Last week we discussed memorable experiences related to how things smell. Several responses seem to cover the gamut. If you are on a diet, some of these may help.
The smell of books when you walk into a used book store. There is still one left in Tyler.
The smell of the newspaper and fresh coffee first thing in the morning.
In 1958, my dad delivered the Tyler Paper in and around Athens. I was 12 years old and we would get up way before the crack of dawn and head downtown to Dee Richardson’s newsstand to fill the car with bundles of newspapers. I sat in the back seat and rolled papers while he drove down the middle of the street and threw out both windows. He would drop me off at Grandma’s house for a quick breakfast while he threw a few more streets. Fried eggs over easy with lace around the edges and lots of bacon.
Nothing worse than a bag of fish heads left in a dumpster in August in Texas.
Nothing on God’s green earth fills the olfactory senses as the smell of fresh baked bread. My mom filled our home with that heavenly scent once a week.
That name (J.M. Dyer) in your column today brought back many memories. My girls used to shop there for beautiful handkerchiefs to give their grandmothers at Christmas! No department stores carry them anymore. My girls still like to carry one in their handbags, especially in church when great old favorite hymns bring puddle-ups! I now have to find them at Canton or at an antique shop in Jefferson!!
This got me to thinking. Anyone who has spent time riding a motorcycle can tell you of the things you smell that you just might not pick up on while riding in the family car. Over the years I have enjoyed the smell of fresh cut hay in a pasture, the sweet smell of certain wildflowers and flowering weeds alongside the road. When passing through small towns, I’ve picked up on the aroma of burgers, barbecue and Mexican food being prepared in roadside cafes. I’ve even smelled from vehicles traveling ahead of me someone using a bit too much perfume or that of someone enjoying a big fat cigar! I recall one particular afternoon I was riding in the city of Tyler with a nice southerly breeze. As I traveled West on Erwin in front of the Flowers Bakery, I slowed to enjoy the scent of fresh baked bread. Then when I made my return ride eastbound, I rode past the Tyler Rose Garden on Front Street. The roses were in full bloom and the aroma was awesome. Sometimes, however, the smells are not so great such as following a garbage truck in stop-and-go traffic, riding near an Amarillo feedlot while downwind, or the smell of other vehicles’ hot brakes from overuse on mountain roads. Yuck! Yes, the “nose knows!”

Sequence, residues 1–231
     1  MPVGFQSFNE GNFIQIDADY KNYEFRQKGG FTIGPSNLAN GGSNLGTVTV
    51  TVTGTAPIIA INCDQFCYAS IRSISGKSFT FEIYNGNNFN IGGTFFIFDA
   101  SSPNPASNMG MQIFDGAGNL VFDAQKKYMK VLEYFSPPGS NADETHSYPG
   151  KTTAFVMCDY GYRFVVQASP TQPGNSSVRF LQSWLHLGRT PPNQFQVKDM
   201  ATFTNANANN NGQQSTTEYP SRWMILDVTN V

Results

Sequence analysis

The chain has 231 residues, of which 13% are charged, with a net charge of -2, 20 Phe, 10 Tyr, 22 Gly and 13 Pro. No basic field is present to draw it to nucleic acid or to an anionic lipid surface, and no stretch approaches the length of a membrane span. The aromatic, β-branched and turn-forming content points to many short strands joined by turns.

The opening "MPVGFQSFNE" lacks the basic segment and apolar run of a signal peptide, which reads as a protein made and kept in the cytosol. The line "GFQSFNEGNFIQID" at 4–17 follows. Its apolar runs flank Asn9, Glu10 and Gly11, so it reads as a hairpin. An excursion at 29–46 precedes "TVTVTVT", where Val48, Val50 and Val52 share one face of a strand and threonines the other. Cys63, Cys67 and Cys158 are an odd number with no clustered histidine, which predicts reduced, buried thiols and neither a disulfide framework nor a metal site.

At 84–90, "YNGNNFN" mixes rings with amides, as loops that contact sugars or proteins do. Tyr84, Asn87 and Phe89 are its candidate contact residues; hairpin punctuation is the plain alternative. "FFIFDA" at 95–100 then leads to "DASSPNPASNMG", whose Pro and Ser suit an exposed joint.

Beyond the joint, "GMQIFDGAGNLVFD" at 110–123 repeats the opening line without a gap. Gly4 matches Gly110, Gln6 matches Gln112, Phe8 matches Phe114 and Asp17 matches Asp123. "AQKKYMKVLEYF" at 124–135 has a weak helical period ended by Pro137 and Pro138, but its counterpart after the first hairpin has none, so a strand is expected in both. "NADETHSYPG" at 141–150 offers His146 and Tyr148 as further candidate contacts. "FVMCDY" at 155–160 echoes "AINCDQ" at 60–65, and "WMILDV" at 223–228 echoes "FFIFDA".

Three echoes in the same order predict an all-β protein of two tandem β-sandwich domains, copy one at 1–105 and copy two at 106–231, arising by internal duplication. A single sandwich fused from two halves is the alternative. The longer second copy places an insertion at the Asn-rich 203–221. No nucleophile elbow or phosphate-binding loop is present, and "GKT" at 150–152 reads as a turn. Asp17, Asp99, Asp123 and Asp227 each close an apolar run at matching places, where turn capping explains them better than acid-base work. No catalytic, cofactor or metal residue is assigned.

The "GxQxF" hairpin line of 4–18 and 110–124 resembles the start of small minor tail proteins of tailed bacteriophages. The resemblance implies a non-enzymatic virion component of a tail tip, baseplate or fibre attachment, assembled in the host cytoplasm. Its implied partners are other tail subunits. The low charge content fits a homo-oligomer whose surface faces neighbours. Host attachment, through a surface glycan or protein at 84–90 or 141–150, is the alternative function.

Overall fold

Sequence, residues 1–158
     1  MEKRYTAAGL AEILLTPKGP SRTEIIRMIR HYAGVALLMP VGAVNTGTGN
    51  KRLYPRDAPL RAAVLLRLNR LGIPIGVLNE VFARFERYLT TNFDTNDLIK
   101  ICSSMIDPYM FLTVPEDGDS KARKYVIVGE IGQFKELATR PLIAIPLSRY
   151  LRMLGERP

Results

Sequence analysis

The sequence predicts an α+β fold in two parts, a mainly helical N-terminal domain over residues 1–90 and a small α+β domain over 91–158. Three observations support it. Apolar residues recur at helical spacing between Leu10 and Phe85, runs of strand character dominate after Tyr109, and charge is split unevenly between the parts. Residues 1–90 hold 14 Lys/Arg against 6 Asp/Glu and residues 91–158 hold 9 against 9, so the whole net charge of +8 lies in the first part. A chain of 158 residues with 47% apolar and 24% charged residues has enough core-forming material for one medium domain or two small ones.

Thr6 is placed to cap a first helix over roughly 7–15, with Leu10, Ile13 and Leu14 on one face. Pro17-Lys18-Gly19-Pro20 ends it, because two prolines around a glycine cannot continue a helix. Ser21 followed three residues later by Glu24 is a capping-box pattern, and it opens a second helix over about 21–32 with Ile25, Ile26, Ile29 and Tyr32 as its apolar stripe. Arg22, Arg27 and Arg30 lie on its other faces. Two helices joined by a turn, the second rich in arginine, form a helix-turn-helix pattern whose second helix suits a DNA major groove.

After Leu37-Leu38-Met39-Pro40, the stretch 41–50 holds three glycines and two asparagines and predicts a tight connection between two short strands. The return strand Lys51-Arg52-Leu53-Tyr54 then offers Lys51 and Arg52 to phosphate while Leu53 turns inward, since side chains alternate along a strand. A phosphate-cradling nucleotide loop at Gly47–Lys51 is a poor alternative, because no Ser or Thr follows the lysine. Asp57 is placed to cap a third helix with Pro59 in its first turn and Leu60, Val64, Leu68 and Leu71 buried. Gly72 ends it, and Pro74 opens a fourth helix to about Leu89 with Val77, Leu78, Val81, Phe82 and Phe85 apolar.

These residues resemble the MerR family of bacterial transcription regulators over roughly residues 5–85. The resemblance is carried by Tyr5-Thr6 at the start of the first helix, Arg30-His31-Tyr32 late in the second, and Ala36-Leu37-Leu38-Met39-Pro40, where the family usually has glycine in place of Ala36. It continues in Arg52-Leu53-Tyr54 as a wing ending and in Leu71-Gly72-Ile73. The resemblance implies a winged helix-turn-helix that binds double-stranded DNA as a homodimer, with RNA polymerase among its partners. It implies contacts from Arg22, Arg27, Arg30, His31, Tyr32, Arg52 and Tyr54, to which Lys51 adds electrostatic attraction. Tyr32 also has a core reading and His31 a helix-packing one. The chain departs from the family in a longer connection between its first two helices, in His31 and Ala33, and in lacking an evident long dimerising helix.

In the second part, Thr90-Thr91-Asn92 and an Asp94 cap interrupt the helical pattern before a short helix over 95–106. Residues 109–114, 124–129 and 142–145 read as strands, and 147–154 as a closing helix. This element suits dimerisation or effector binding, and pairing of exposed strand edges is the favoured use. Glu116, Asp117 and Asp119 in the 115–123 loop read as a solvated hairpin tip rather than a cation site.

My personal favorite smell is puppy breath.
You are correct - the smell of a hot car in which a child has thrown up is horrendous. It doesn’t matter how many times it’s detailed, the smell lingers, especially on a hot day. As a parent, there are many sickening smells, from boy socks after baseball games left in a bat bag, clothes after a week of rainy, Canada kayaking at camp (you empty the duffel bag in the garage - straight into the trash) and spoiled meat left on top of a freezer for four days.
But the ultimate is when a precious Yorkie furry child decides to stand up to a skunk in your back yard! Score one for the skunk. I’ve never encountered that smell so close. It’s gut-wrenching. After the spray, she squeezed half her body in the back door, therefore, my house smelled for days. After washing the dog in hydrogen peroxide, baking soda and Dawn four times in a bucket outside, the smell was only cut in half. The worst, every time she had a bath, the smell emerged again for about a year!!!!
Last week my friend and faithful reader, Nancy McKean, passed away. Few people in my experience were as affable and agreeable as Nancy. She will be missed by many. May she rest in peace.